Rev. Dr. James Alexander Forbes is the Senior Minister Emeritus of The Riverside Church on the campus of Columbia University. Rev. Forbes was recognized by Newsweek as one of the “most effective preachers in the English-speaking world” and was recently asked by the Democratic National Committee to give an opening benediction at the convention next week in Philadelphia. It just so happens that on the day we attended Convent, Rev. Forbes was brought in to deliver a much needed sermon. Once inside, I realized that those in attendance didn’t just come out this morning to attend church, they came out to do church.
It is here I must confess that prior to each service, I figured I knew what was coming. I had read most of the sacred texts, was familiar with the traditional prayers, and knew what to abstain from once inside. I was grateful for the opportunity to study in Harlem and attend these historically important worship centers for those in the African American community. I felt duly prepared for moments like these, yet soon came to realize my preconceived notions on teaching religious diversity were no longer tenable. I was initially shocked by my naïveté, but later ashamed and embarrassed at my utter lack of awareness.
As I left church Sunday afternoon and walked towards the subway, my opinions as a teacher of World Religion had to face this stark reality. I had entered the sacred spaces of Islam and Christianity prepared to engage the religious differences, yet left these experiences having neglected the cultural similarities. I failed to recognize the pressing need for Imam Talib and Rev. Forbes to address their communities concerning the shootings of Alton Sterling, Philando Castile, and the police officers in Dallas and Baton Rouge. I failed to appreciate the raw emotions that would surface as worshippers listened to the powerful sermons from these two devout men. What disappointed me most, was that I had followed each of these tragedies closely, and yet still failed to recognize the high probability they would be addressed in a place like Harlem where a majority of citizens face a shared reality that transcends religious divides.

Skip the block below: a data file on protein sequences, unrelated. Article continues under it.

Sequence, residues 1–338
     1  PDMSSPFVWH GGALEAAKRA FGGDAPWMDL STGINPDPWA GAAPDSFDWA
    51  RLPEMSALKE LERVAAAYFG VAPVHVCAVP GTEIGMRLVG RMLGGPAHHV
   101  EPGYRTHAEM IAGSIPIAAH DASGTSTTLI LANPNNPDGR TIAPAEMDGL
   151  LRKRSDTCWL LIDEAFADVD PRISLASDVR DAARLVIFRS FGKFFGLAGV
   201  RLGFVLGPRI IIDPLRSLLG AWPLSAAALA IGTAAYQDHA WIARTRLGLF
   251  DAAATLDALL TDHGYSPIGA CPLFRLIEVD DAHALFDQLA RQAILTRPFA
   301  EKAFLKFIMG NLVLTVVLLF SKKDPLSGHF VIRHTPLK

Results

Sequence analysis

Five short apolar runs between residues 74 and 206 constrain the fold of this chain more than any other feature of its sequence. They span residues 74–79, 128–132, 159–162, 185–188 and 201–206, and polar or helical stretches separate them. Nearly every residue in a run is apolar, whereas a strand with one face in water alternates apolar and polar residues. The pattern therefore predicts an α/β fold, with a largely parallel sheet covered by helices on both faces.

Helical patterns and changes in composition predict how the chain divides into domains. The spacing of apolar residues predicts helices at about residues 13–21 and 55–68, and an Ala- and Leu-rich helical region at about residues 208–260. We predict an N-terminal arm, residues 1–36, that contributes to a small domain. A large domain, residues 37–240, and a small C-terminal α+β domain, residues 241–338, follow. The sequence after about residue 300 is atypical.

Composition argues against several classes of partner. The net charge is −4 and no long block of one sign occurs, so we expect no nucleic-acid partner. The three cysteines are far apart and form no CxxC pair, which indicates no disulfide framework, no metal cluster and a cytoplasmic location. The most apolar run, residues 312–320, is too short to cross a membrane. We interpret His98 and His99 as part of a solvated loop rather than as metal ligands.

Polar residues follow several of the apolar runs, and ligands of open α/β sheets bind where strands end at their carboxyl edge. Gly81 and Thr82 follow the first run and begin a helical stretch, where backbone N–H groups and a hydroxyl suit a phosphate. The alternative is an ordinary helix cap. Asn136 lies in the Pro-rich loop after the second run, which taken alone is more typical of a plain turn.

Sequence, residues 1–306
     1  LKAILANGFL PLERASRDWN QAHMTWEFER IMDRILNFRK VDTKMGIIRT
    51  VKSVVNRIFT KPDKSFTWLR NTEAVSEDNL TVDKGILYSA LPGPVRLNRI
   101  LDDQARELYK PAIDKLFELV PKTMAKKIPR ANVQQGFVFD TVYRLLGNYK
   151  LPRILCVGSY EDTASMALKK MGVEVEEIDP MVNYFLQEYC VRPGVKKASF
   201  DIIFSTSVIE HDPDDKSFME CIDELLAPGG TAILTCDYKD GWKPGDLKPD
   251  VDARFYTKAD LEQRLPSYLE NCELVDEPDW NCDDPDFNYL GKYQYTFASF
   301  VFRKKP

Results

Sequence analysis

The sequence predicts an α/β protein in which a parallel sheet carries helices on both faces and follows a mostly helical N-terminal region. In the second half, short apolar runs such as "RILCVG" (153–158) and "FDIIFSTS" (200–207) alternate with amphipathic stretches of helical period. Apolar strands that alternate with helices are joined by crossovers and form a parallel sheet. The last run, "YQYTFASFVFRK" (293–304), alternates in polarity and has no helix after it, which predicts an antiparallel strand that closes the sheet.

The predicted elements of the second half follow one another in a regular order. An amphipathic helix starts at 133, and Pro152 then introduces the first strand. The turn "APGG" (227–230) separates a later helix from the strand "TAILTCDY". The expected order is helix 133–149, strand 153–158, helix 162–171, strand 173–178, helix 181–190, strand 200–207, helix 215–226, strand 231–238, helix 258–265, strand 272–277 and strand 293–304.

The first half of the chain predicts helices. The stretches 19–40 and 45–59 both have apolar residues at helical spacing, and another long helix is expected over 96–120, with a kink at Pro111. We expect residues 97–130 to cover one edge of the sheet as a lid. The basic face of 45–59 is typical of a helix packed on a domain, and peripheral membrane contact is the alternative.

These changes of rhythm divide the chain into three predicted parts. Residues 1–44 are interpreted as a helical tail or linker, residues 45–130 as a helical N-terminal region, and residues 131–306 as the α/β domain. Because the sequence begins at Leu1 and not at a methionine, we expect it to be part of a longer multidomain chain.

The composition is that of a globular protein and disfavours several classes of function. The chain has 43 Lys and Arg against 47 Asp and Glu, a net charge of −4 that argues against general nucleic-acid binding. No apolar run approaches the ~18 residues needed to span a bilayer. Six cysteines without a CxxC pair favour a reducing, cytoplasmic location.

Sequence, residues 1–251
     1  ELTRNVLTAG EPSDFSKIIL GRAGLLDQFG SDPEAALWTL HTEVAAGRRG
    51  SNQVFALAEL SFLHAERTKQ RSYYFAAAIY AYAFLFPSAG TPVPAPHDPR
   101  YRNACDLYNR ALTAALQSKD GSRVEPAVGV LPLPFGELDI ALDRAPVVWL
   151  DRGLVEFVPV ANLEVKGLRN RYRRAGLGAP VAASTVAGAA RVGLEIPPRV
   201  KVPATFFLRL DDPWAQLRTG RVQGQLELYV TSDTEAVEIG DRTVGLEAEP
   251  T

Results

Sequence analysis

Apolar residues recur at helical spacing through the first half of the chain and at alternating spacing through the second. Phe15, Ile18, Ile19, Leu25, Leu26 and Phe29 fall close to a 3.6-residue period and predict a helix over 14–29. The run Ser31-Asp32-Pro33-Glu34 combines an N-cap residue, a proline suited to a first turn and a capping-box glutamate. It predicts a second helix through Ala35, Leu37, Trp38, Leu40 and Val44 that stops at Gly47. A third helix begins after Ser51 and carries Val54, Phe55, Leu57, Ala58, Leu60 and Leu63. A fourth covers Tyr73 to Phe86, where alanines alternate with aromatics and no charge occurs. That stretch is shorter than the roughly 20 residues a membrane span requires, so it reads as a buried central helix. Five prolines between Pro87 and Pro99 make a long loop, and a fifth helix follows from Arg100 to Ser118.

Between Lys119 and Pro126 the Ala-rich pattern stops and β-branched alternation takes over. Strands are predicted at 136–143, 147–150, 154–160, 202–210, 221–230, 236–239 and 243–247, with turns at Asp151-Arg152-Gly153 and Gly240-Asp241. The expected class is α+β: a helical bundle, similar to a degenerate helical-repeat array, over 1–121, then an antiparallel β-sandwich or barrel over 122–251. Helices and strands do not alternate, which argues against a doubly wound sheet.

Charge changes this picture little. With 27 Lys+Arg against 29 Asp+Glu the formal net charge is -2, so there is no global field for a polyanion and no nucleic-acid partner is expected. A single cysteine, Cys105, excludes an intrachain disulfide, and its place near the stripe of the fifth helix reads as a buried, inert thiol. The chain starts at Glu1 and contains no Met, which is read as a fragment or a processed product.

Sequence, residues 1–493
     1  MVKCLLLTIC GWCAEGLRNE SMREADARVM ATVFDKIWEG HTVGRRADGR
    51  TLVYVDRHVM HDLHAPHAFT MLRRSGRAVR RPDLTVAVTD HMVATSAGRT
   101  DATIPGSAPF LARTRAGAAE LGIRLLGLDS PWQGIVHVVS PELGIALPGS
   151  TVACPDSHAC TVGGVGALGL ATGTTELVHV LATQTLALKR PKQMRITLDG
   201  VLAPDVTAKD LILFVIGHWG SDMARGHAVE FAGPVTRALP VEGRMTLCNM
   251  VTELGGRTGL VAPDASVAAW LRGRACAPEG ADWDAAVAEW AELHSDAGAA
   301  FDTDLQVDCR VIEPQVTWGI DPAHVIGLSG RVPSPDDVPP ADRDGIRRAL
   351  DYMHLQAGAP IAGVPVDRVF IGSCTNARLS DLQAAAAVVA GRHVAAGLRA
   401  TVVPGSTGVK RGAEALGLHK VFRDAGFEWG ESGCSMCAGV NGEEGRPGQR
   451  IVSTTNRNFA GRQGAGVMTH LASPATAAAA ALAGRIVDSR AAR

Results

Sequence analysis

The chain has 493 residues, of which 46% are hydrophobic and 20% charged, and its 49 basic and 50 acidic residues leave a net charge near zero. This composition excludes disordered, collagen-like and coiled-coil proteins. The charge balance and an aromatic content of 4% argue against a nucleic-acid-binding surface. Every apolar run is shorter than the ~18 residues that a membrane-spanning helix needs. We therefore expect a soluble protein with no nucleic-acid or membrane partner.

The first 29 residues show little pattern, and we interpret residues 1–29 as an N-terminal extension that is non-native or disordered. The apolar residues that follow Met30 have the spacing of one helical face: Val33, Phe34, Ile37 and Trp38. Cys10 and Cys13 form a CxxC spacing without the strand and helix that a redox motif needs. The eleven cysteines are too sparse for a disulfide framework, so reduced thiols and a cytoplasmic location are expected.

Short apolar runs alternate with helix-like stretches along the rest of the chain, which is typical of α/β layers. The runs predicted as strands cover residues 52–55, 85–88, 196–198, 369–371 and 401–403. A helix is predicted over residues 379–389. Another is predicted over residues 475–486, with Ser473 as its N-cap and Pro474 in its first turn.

Up until now, I viewed and taught religion as separate from culture. Academically, I overlooked America as a place to study religion and never sought out ways to learn about “lived religion” in my own country. During previous years, I prepared for class by referencing experiences abroad, and it has taken me until now to recognize this quiet truth waiting patiently to be discovered. This timeless knowledge has taught me that religion and culture have forever been interconnected and that studying religion as something outside of its context, is to understand a religion that doesn’t exist in reality.
As America continues to wrestle with the racial and religious tensions in its cities, many citizens continue to draw wisdom from religious and cultural authorities. I watched an impassioned Imam Talib speak to his members about the, “troubled and troubling times” facing America. I witnessed Rev. Forbes grab his microphone from the pulpit and join congregants on the floor to address the “troubling times” facing their communities. Both spoke of the need for authentic peace and continual prayer. Both publically welcomed our group in front of their communities and shook our hands in solidarity as we left. Though the outfits, prayers, and scriptures were different, the overall message of their sermons was the same. It has become clear that the simplicities and complexities of religion are inextricably linked to the culture and context of its practitioners.
People ask me tough questions all the time on religion, and I’m usually a bit hesitant in answering. I don’t know exactly when someone becomes an expert, but surely I am nowhere close. As my still limited perspective improves incrementally, my appreciation for the wide range of religious and cultural expression increases exponentially. Human beings have the capacity for so much good, yet remain the cause of so much suffering. This special time I have spent in Harlem has reminded me to continually seek friendship in diverse settings and stand in solidarity with anyone seeking peace and justice. The ancient Sufi poet Rumi says, “Beyond our differences is a field, I’ll meet you there.” Sounds like a great place to start.
July 22nd, 2016, Butler Library, Columbia University